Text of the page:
Ever since we found the curious meridian markers in Flemington earlier this year, I've made it a point to visit a county seat if I'm nearby, just to see if the obelisks are still near the courthouse. I've only found them in Somerville and Mount Holly, but I'm hopeful for the rest. Even if I don't find them, the quest gives me reason to get to all 21 of New Jersey's county courthouses eventually.
I made the trek to Woodbury the other day while I was in Gloucester County, and unfortunately I came up dry. The 1885 Romanesque courthouse replaced the original 1790s structure and may have also eaten up the space where the obelisks were stationed in the 1860s. The mystery continues!
County seats usually have an interesting story or two lurking about; in older times, they were often the largest and wealthiest communities in their respective areas. While some of them are a bit down on the heels these days, there's always a sign of past glories to be found.
Woodbury didn't disappoint. Along with some lovely looking older homes and commercial buildings, I came across what looks like a massive rebuilding effort behind the facade of the G.G. Green Block building downtown. What I didn't know was that the structure was essentially built on patent medicine, and it's a symbol of the city's prosperity in the late 19th and early 20th century.
Born in nearby Clarksboro, George Gill Green left the University of Pennsylvania medical school in 1864 to fight in the Civil War with the 142nd Illinois Regiment. Following the war, he used his medical training to start three medicine companies - first in Baltimore and then in Ohio. He returned to New Jersey in 1872 with his young family, but rather than starting fresh, he bought the rights to manufacture and market two patent medicines his father had been making and distributing. The business grew thanks to aggressive advertising, and Green became Woodbury's first multimillionaire as the city grew in prominence within the medicine industry.
Using some of his wealth, Green built a substantial building on Broad Street, in the city's business district. The G.G. Green Block reportedly held an opera house and an upstairs ballroom, an arrangement that was repeated in several prosperous towns around New Jersey. A few years later, he purchased a hotel in Pasadena, California, which was then a popular recuperation resort for tuberculosis patients. Renaming the property Hotel Green, he later built an addition called Castle Green for extended stay guests.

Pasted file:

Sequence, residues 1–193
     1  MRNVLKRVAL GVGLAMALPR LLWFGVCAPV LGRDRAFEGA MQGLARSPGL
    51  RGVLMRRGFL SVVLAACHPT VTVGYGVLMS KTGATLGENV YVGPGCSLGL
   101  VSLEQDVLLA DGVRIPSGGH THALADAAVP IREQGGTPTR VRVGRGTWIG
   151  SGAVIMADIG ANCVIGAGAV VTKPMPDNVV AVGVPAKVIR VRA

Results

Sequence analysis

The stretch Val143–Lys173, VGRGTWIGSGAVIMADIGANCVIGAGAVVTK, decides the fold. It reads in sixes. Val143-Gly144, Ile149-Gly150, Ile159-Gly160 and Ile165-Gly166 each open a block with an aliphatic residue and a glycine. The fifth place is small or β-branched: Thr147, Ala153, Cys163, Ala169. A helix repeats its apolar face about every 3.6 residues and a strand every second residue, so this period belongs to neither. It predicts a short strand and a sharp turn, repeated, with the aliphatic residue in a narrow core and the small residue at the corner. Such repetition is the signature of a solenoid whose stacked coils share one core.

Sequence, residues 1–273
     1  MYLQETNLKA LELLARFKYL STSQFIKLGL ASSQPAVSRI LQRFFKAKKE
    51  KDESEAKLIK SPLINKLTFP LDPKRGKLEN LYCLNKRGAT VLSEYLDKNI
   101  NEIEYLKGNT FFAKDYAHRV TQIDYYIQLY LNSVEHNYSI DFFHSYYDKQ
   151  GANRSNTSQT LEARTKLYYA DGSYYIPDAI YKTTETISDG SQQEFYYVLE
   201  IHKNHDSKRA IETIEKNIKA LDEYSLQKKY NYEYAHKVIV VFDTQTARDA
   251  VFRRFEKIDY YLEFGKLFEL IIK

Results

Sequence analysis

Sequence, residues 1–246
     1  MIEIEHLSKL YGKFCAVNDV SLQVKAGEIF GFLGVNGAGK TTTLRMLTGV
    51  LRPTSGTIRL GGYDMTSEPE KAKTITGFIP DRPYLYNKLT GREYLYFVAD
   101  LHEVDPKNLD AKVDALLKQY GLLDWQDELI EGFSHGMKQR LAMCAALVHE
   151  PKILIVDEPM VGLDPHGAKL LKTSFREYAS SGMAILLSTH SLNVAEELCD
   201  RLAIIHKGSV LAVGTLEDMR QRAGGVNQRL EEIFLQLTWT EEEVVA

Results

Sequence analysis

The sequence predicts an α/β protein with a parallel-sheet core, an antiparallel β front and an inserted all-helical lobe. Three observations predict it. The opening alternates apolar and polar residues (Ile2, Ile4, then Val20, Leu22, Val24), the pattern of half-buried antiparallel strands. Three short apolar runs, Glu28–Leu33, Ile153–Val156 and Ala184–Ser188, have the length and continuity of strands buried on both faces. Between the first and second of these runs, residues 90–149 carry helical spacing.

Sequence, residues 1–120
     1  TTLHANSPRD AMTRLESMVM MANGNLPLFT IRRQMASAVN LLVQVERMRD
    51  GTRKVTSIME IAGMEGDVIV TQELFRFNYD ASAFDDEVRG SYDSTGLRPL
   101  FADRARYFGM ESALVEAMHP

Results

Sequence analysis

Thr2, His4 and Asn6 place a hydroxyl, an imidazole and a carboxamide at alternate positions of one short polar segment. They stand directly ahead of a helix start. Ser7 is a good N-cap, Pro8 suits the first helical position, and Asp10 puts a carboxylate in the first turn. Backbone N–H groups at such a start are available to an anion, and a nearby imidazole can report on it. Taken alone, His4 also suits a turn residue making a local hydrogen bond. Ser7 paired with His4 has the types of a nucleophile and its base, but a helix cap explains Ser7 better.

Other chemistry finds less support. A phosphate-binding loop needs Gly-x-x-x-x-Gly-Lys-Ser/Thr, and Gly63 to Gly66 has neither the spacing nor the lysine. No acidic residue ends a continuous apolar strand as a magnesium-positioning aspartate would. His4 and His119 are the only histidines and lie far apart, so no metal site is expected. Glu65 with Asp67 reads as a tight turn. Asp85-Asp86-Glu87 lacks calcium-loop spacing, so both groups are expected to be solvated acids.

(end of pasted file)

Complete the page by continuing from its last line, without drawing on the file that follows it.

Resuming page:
Green's patent medicine empire dwindled with the passage of the federal Food and Drug Act in 1906, which required that manufacturers had to be truthful in their advertising claims. Perhaps his products made users feel better, it was more likely that they were affected by the laudanum (or as it's known now, tincture of opium) in them than by any ingredient that actually cured what ailed them.
The opera house within the G.G. Green Block was eventually converted to a movie house, the Rialto, and other parts of the building were used for a variety of purposes until the building was shut down in 2002. Placed on the National Register of Historic Places in 2001, the building's future was in doubt as it continued to deteriorate and one development plan after another stalled. The final blow appeared to be the 2011 Virginia earthquake, believe it or not; parts of the facade crumbled to the sidewalk, bringing the building's structural integrity into question.
In an interesting turn of events, a real estate developer experienced in historic properties purchased the Green building earlier this year. They plan to convert the building for combined retail and residential use while restoring the exterior, and historic preservation organizations are optimistic about the outcome. It may not revert back to its opera house past, but it appears that the G.G. Green block will regain its status as one of the grandest facades in town.
And who knows? Maybe there will be a drug store at street level.